Some dream of inventing the next social network, others dream about creating the next Uber. Ajah and Naomi from Chicago’s Carter School of Excellence dream of using smart technology to help the hard of hearing. Hence “Earit” was born. A smartphone app prototype, Earit provides information about causes and symptoms of hearing loss and connects people with appropriate resources.
“The solution we created has all of the information you might need in one place,” said Naomi, co-creator of Earit and a 5th grader at Carter.
Before deciding to move forward with this idea, Ajah and Naomi brainstormed through many issues affecting their community such as unemployment, violence and poverty. Scarlet, their Citizen Teacher from Motorola Mobility encouraged them to think more universally. “I wanted to them to think about what issues could affect everyone from newborns to seniors,” she said.
The girls decided to focus their research on disabilities which keep people from leaving home and accessing the help they needed. They soon discovered how close these issues were to their own community.
Ajah, an 8th grader, is a shy young woman, but loves to express herself through music and is known for her beautiful singing voice. As soon as she imagined just how hard it would be to sing on-key without the ability to hear, she knew that she wanted to make a difference in the deaf community.
The more Ajah and Naomi learned about hearing loss, the more they saw how it could possibly affect students in their own classroom! The students at Carter love to lose themselves in the world of their Ipods and MP3 players in between classes, and playing music too loud while wearing headphones just happens to be among the leading causes of hearing loss today.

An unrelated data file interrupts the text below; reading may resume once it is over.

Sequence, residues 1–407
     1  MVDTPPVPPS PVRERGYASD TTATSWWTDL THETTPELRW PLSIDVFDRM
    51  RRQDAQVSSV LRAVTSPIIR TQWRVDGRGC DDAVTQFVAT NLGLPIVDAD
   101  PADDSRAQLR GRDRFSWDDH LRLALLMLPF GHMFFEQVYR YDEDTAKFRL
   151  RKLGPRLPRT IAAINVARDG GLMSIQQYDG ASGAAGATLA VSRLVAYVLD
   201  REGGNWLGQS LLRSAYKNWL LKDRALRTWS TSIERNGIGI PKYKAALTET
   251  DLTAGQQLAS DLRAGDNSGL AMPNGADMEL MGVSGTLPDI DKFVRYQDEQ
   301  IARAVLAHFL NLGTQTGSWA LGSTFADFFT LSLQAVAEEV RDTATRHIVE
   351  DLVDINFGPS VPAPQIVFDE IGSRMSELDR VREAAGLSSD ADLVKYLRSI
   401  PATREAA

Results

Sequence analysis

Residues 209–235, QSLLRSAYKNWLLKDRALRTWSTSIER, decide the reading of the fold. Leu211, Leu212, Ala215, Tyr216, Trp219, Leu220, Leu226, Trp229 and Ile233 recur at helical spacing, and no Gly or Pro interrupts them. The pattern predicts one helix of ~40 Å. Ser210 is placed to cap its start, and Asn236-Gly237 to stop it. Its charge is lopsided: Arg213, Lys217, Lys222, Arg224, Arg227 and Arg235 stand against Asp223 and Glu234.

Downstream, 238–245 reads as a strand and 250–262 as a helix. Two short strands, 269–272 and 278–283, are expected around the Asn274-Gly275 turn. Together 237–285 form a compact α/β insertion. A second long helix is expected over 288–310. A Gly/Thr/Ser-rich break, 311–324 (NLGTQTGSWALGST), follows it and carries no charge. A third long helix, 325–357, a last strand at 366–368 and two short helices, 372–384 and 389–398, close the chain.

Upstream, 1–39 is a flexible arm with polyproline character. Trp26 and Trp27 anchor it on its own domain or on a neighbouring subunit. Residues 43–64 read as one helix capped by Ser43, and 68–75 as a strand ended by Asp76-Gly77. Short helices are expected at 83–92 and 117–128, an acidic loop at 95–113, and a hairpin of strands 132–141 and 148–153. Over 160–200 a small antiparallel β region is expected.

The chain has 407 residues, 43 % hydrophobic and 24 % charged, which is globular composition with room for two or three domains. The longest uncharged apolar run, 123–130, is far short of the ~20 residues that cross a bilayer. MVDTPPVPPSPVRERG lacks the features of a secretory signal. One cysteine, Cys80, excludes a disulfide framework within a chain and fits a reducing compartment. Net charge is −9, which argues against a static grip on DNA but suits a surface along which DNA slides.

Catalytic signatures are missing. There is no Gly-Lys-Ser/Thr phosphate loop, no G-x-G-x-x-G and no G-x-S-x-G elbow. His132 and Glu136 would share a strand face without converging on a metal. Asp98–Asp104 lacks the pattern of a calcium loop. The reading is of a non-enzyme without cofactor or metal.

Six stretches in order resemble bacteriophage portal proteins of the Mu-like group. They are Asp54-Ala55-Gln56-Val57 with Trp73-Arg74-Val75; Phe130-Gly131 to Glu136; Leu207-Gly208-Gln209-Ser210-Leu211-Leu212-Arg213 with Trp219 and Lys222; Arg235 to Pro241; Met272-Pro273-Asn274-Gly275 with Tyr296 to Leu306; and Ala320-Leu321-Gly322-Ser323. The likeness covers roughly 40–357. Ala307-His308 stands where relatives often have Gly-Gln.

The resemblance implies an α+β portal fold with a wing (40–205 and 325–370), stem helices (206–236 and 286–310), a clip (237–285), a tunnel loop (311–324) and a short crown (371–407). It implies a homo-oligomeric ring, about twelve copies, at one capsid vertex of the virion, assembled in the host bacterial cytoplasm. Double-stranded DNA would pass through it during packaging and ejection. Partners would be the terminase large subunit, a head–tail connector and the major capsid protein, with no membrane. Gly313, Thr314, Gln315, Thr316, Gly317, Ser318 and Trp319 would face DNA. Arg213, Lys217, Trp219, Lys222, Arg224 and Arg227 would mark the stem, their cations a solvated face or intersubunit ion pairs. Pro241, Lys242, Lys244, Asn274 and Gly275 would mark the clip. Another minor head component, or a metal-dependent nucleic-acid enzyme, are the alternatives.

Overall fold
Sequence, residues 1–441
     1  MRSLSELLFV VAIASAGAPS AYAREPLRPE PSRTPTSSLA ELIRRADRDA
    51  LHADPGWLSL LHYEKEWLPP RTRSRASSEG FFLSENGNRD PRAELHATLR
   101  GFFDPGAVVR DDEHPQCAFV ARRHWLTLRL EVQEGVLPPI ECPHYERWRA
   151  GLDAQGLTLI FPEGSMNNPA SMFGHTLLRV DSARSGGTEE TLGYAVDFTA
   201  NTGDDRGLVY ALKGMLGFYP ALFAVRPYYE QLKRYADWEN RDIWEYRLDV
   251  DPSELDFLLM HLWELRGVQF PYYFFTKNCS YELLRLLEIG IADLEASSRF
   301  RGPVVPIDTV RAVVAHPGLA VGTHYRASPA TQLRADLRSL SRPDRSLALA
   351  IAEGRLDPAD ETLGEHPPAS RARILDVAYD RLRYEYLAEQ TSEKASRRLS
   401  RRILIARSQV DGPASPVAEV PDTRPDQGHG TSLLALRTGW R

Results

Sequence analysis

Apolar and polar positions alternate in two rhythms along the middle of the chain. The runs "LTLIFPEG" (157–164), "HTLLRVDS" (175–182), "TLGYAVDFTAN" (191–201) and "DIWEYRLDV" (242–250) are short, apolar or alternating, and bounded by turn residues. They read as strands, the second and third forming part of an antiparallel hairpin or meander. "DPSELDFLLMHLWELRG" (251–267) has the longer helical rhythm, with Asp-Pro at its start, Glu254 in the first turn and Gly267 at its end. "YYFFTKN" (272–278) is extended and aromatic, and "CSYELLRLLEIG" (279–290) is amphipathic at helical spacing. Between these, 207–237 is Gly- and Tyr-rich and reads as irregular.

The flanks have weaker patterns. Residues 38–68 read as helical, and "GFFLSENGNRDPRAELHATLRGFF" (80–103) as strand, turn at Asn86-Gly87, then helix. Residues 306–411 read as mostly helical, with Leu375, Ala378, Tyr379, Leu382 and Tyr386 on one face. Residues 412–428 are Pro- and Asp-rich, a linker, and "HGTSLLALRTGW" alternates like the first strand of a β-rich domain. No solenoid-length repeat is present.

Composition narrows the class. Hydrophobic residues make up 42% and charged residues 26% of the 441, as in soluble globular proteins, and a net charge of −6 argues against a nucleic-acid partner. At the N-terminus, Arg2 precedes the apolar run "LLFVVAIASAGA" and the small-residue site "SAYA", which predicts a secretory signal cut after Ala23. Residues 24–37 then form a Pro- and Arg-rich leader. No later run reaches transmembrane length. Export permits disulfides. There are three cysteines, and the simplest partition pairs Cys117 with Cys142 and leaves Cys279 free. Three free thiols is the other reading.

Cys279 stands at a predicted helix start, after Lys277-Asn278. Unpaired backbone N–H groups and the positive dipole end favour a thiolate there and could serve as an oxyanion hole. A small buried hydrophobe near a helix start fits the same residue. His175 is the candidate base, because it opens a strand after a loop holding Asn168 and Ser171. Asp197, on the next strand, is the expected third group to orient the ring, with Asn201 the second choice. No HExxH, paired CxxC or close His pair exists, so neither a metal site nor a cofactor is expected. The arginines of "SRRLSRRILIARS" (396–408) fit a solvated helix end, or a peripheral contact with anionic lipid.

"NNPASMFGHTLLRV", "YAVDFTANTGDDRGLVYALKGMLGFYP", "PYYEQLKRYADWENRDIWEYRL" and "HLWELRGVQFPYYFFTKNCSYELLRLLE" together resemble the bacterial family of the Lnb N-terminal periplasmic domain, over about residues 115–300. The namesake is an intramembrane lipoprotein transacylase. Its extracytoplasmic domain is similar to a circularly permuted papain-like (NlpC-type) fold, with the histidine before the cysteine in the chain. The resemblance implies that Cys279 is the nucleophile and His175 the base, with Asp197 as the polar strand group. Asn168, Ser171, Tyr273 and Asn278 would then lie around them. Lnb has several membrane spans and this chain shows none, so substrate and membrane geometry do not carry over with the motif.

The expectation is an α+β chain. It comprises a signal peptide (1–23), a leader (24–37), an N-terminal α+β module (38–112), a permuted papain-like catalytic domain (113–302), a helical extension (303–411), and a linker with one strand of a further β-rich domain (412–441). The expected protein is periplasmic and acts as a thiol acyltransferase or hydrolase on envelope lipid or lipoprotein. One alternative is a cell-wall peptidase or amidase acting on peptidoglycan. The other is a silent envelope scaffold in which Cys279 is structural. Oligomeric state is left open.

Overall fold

So in addition to helping people who are already deaf gain access to the resources they need, they decided to add features to their app which gave their classmates, and other middle schoolers, the tools they need to prevent hearing loss in the first place.
“Originally the app was designed as a sophisticated menu of causes and symptoms, but I pushed the girls to address solutions to the issue and to think about how people living alone without internet or a smartphone can access these solutions.” said Scarlet.
The team then developed the app further to include a menu in which people can find places near them that sell recycled cochlear implants or nearby clinics to receive a diagnosis.
Erin Liedell, the Carter Elementary Campus Director, believes that beyond giving them an avenue to express their innovation and creativity, designing Earit also allowed them to develop their sense of compassion and empathy, something taught less easily than app design skills.
“These girls are used to being on the have-not end of the equation, and they realized that in this instance, they were the ones with the privilege,” Liedell said.
Because of the creative and innovative approach the team took to solve an age-old problem, the girls were encouraged to enter their app in the Chicago Maker Challenge, a contest sponsored by Motorola Mobility, Scarlet’s company, in which middle schoolers in the Chicago area enter blueprints for designs that solve community problems or help people with disabilities.
The main challenge? How to stand out to the judges among a crowd of creative, innovative, and socially conscious designs. The answer came to Naomi the week before: make the audience experience what it is like to suddenly lose your hearing.
So before presenting the app, Ajah shared her talents with the room and sang a song. The catch? Only half of the room could actually hear her because the other half were asked to hold their hands over their ears.
Though the girls expected the message to resonate with the audience, they were still surprised when Earit was named the grand prize winner of the competition. Erin and Scarlet couldn’t help but chuckle as effervescent Naomi grabbed the microphone and launched into an “Oscar-esque” speech thanking everyone who helped her and Ajah along with the process.
It was Scarlet’s encouragement, though, that truly allowed the design to come to life. She pushed their creativity through constantly challenging the girls expand and go deeper when developing their ideas.
“There’s not a bad idea. Everyone can come up with an idea, and even if they feel it’s not that great, they should explore it.”